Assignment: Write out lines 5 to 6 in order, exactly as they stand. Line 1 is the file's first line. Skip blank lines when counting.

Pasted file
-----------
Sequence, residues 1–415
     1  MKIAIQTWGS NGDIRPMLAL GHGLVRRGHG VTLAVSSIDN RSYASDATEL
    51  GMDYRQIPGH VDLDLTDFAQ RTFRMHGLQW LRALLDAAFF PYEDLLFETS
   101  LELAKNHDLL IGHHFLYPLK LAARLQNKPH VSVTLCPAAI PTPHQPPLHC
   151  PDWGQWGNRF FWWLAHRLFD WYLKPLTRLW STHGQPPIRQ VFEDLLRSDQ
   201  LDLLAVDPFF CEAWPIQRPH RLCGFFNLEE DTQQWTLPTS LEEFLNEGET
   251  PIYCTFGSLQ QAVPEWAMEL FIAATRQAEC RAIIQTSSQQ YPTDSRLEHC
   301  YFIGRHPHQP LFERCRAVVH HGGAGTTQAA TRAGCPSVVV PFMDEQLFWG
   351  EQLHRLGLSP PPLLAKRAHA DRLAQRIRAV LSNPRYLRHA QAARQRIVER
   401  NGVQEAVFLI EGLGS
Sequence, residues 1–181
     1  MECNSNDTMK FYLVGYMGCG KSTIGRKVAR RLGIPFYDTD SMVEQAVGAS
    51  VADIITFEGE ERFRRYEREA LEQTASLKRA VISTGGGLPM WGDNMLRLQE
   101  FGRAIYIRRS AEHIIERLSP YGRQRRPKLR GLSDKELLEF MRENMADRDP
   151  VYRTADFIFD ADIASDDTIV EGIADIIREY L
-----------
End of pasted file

   151  PDWGQWGNRF FWWLAHRLFD WYLKPLTRLW STHGQPPIRQ VFEDLLRSDQ
   201  LDLLAVDPFF CEAWPIQRPH RLCGFFNLEE DTQQWTLPTS LEEFLNEGET